Habitat and distribution[edit]

Preferred habitats of this species are pools, ponds and moorlands, it is a species of still or very slow flowing water. The emerald damselfly has a large Palaeartic distribution, and is found in a band across central Europe and Asia from Spain to the Pacific. It is not found in the far north in Europe and Asia or in the extreme south, being absent from southern Spain, southern Italy and Greece. It probably occurs in some areas of north Africa; where it occurs around the Mediterranean it is found at altitude. In Great Britain it is the only Lestes species that is common.

L. sponsa immature male with white pterstigma and green/brown eyes.

See also[edit]


  • Askew, R.R. (2004) The Dragonflies of Europe. (revised ed.) Harley Books. pp58–66. ISBN 0-946589-75-5
  • Corbet, P.S., Longfield, C., and Moore, N.W. (1960). Dragonflies. Collins. New Naturalist. pp260. ISBN 0-00-219064-8.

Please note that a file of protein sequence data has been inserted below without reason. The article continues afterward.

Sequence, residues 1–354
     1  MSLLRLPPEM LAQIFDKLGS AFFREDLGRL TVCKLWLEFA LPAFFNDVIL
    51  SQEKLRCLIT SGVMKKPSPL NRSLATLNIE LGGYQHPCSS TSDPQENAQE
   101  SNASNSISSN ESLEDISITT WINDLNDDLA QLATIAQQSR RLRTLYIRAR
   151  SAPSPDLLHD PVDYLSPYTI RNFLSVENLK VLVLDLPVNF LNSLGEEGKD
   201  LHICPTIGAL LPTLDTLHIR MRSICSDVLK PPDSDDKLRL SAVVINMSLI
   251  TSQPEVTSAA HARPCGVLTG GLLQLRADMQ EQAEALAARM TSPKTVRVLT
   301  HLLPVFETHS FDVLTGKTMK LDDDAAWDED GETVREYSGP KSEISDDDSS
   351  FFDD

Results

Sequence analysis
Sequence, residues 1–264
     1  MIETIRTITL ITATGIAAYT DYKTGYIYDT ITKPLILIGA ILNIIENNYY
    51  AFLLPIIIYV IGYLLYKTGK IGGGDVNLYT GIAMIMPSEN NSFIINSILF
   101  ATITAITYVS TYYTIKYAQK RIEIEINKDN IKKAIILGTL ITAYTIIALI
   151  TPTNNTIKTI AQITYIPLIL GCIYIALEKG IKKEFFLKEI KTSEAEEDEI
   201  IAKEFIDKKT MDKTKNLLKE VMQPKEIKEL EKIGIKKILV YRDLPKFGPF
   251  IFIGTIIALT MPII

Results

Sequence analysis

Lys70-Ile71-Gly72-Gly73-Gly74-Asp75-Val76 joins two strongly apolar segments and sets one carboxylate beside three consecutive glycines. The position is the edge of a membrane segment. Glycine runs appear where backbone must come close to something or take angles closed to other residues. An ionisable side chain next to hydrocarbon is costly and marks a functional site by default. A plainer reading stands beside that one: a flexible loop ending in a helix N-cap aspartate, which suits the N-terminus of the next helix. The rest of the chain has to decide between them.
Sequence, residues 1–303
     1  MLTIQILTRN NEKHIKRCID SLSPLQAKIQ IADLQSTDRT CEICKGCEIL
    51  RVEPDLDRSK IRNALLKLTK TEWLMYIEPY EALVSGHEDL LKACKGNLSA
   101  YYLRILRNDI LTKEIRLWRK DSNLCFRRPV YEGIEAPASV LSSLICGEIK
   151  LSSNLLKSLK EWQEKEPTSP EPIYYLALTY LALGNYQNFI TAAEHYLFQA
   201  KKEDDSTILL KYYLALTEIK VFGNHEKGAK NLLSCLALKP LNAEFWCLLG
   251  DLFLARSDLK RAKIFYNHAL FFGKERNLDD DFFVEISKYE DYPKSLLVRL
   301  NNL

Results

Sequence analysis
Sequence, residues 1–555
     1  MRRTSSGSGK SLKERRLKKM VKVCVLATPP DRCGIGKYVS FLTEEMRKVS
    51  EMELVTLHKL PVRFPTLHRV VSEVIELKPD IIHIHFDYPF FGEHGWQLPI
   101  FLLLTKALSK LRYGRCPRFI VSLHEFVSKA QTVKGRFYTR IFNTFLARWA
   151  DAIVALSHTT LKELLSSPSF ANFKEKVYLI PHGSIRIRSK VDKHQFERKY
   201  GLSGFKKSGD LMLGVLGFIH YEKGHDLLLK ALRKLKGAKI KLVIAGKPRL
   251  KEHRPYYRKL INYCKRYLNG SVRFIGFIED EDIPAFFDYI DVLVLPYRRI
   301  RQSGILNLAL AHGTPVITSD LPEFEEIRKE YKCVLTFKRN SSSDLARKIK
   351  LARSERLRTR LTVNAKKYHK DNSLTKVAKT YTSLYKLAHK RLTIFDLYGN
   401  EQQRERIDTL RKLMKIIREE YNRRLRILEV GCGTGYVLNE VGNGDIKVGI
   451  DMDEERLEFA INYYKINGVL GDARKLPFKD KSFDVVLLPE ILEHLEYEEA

• Corbet, P.S and Brooks, S. (2008). Dragonflies. Collins. New Naturalist. pp454 ISBN 978-0-00-715169-1
  • d'Aguilar, J., Dommanget, JL., and Prechac, R. (1986) A field guide to the Dragonflies of Britain, Europe and North Africa. Collins. pp168–178. ISBN 0-00-219436-8
  • Gibbons, R.B., (1986). Dragonflies and Damselflies of Britain and Northern Europe. Country Life Books. pp54–62. ISBN 0-600-35841-0.
  • Hammond, C.O. (1983). The Dragonflies of Great Britain and Ireland, (2nd Ed). Harley Books. pp58–59. ISBN 0-946589-00-3.
  • Ueda, T., (1978). Geographic variation in the life cycle of Lestes sponsa. Tombo 21:27–34.

External links[edit]